Sunday, August 27, 2017

either pi is algebraic or some journals let in an incorrect paper!/the 15 most famous transcendental numbers

Someone has published three papers claiming that

π is 17 -8*sqrt(3) which is really =3.1435935394...

Someone else has published eight papers claiming

π is (14 - sqrt(2))/4 which is really 3.1464466094...

The first result is closer, though I don't think this is a contest that either author can win.

Either π is algebraic, which contradicts a well known theorem, or some journals accepted some papers with false proofs. I also wonder how someone could publish the same result 3 or 8 times.

I could write more on this, but another blogger has done a great job, so I'll point to it: here

DIFFERENT TOPIC (related?) What are the 15 most famous transcendental numbers? While its a matter of opinion, there is an awesome website that claims to have the answer here. I"ll briefly comment on them. Note that some of them are conjectured to be trans but have not been proven to be. So should be called 12 most famous trans numbers and 3 famous numbers conjectured to be trans. That is a bit long (and as short as it is only because I use `trans') so the original author is right to use the title used.

1) pi YEAH (This is probably the only number on the list such that a government tried to legally declare its value, see here for the full story.)

2) e YEAH

3) Eulers contant γ which is the limit of (sum_{i=1}^n  1/i) -  ln(n). I read a book on γ  (see here) which had interesting history and math in it, but not that much about γ . I'm not convinced the number is that interesting. Also, not known to be trans (the website does point this out)

4) Catalan's number  1- 1/9 + 1/25 - 1/49 + 1/81  ...  Not known to be trans but thought to be. I had never heard of it until reading the website so either (a) its not that famous, or (b) I am undereducated.

5) Liouville's number 0.110001... (1 at the 1st, 2nd, 6th, 24th, 120th, etc - all n!- place, 0's elsewhere)
This is a nice one since the proof that its trans is elementary. First number ever proven Trans. Proved by the man whose name is on the number.

6) Chaitian's constant which is the prob that a random TM will halt. See here for more rigor. Easy to show its not computable, which implies trans.  It IS famous.

7) Chapernowne's number which is 0.123456789 10 11 12 13 ... . Cute!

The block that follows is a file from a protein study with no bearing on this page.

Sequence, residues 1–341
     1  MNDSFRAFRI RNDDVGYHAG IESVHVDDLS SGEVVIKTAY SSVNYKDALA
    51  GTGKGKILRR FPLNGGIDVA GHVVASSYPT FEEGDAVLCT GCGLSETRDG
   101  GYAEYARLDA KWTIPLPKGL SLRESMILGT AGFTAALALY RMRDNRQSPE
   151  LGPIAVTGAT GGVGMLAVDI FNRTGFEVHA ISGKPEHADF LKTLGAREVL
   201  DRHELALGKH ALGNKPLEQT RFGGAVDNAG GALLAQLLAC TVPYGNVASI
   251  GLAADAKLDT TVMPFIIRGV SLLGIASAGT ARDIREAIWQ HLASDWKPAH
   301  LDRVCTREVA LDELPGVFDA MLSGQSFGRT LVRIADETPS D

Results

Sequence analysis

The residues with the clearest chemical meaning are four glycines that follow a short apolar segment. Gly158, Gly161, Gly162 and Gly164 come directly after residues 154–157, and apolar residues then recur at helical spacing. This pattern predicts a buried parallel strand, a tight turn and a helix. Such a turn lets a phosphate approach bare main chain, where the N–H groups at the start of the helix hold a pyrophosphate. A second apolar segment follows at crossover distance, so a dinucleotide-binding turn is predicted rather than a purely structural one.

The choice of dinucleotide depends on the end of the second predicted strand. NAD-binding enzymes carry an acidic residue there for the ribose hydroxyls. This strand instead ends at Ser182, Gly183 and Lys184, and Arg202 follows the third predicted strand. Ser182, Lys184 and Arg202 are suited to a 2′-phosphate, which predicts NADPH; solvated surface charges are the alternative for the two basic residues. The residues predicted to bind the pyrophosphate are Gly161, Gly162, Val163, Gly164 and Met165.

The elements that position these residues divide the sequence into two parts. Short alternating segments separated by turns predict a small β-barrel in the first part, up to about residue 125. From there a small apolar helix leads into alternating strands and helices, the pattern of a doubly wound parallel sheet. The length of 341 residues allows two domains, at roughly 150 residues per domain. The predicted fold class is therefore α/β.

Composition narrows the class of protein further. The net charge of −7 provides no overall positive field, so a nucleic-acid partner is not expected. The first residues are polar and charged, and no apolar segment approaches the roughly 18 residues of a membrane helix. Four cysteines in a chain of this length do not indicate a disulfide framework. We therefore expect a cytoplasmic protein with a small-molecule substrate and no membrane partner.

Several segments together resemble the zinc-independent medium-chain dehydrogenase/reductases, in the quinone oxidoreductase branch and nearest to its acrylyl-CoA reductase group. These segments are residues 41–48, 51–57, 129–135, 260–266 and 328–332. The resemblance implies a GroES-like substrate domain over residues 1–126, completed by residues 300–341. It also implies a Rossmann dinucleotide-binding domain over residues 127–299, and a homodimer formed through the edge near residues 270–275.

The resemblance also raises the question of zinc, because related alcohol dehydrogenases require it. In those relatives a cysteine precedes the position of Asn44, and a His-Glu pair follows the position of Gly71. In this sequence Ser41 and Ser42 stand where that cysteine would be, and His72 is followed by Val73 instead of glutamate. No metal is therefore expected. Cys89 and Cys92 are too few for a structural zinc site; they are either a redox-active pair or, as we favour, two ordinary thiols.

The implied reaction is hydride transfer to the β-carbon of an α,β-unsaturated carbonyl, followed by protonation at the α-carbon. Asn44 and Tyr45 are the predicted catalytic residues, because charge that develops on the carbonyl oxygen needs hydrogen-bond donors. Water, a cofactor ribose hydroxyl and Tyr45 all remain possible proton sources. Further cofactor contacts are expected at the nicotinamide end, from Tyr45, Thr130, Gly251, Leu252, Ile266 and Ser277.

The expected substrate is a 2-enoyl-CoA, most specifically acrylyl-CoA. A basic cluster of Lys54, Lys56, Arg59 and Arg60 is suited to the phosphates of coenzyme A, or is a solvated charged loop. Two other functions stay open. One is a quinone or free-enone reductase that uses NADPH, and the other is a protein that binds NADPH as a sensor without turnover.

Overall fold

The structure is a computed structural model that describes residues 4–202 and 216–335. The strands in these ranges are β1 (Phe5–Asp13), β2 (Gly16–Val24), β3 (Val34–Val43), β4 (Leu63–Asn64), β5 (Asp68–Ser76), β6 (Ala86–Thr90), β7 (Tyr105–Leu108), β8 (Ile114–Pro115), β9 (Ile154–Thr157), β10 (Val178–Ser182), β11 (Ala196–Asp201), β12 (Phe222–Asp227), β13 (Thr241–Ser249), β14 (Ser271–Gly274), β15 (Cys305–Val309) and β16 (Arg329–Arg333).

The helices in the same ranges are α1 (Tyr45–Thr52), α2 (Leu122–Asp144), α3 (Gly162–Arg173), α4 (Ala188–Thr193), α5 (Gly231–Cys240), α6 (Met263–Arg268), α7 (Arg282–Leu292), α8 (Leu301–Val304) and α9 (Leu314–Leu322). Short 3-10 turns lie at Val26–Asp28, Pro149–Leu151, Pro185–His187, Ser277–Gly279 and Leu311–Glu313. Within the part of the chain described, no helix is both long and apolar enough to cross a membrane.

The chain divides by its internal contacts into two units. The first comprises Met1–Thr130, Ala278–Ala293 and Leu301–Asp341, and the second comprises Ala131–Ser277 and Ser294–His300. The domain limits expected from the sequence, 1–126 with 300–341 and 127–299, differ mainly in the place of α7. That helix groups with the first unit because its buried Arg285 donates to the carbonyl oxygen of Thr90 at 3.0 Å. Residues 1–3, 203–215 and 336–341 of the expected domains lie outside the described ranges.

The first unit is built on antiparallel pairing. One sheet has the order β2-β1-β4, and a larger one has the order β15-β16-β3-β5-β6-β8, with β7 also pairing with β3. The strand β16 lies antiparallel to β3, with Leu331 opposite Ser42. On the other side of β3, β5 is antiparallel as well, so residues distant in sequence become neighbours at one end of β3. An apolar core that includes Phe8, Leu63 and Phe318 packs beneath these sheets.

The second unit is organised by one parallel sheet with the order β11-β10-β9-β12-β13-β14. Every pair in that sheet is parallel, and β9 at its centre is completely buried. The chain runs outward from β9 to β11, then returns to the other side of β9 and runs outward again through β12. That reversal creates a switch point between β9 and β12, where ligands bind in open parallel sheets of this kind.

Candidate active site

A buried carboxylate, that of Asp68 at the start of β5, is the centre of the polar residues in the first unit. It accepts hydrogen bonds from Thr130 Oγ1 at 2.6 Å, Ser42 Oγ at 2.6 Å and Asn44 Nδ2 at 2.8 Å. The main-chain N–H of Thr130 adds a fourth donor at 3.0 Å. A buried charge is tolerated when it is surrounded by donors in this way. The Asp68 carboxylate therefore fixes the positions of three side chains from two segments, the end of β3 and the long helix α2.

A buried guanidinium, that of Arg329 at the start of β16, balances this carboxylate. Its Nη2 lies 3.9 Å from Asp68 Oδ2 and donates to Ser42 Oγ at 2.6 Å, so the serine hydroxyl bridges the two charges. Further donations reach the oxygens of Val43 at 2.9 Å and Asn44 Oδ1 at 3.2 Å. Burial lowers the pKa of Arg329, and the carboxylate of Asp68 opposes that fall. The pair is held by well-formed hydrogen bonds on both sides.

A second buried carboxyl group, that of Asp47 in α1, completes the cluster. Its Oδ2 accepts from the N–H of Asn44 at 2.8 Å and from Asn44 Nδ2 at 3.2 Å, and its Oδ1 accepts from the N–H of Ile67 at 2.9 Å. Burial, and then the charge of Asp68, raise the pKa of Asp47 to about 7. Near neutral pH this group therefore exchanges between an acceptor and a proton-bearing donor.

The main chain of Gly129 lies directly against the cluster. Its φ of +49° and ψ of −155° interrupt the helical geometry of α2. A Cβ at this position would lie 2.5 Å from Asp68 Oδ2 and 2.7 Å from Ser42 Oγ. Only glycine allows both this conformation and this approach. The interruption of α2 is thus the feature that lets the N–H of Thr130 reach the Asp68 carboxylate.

8) recall that ζ(2) = 1 + 1/4 + 1/9 + 1/6 + ... = π2/6

ζ(3) = 1 + 1/8 + 1/27 + 1/64 + ... known as Apery's constant, thought to be trans but not known.

It comes up in Physics and in the analysis of random minimal spanning trees, see here which may be why this sum is here rather than some other sums.

9) ln(2). Not sure why this is any more famous than ln(3) or other such numbers

10) 2sqrt(2) - In the year 1900 Hilbert proposed 23 problems for mathematicians to work on (see here for the problems, and see here  for a joint book review of two books about the problem, see  here for a 24th problem found in his notes much later). The 7th problem  was to show that ab is trans when a is rational and b is irrational (except in trivial cases). It was proven by Gelfond and refined by Schneider (see here). The number 2sqrt(2) is sometimes called Hilbert's Number. Not sure why its not called the Gelfond-Schneider number. Too many syllables?

11) eπ  Didn't know this one. Now I do!

12) πe (I had a post about comparing eπ to πe  here.)

13) Prouhet-Thue-Morse constant - see here

14) i^i. Delightful! Its real and trans! Is it easy to show that its real? I doubt its easy to show that its trans. Very few numbers are easy to show are trans, though its easy to show that most numbers are.

15) Feigenbaum's constant- see here

 Are there any Trans numbers of which you are quite fond that aren't on the list?

If you proof any of the above algebraic then you can probably publish it 3 or 8 or ii times!

 I can imagine a crank trying to show π or maybe even e is algebraic. ζ(3) or the Feigenbaum's constant, not so much.


  1. What is the definition of i^i? It seems that you have to give up some property of the power function to properly define it. For example i^5=i, so if we define t=i^i, then t^5 = i^{5i}=(i^5)^i = i^i = t, which in particular means that t is algebraic. If you want to remain consistent with Euler's formula then you're in bigger trouble since i=exp(i*(pi/2+2pi*k) for any integer k, raise this to the power i and you get an inconsistent value.

  2. "(Actually, this is one of many possible values for i to the i, because, for instance, exp(5i*Pi/2)=i. In complex analysis, one learns that exponentiation with respect to i is a multi-valued function.)"


  3. I think it's impossible to not be convinced that γ is interesting. Consider f(n)=log(n!), and g(n)=1+1/2+...+1/n. Take the derivative of f at any point (with n! understood in terms of gamma function). The difference between the result and g(n-1) is ALWAYS equal to γ. Euler's constant is all over the place in the theory of special functions. It's arguably as fundamental as e or pi.

  4. i^i = exp(i Log(i)) = exp(i(log(1) + iArg(i))) = exp(-pi/2) = exp(pi)^(-1/2) is transcendental by 11.

  5. Log(2) is famous because it is the sum of the alternating harmonic series.

  6. The golden ratio phi from Fibonacci numbers, which should probably take the third position for its importance:

  7. Sorry, abort the previous comment :)
    Phi is irrational but not transcendental...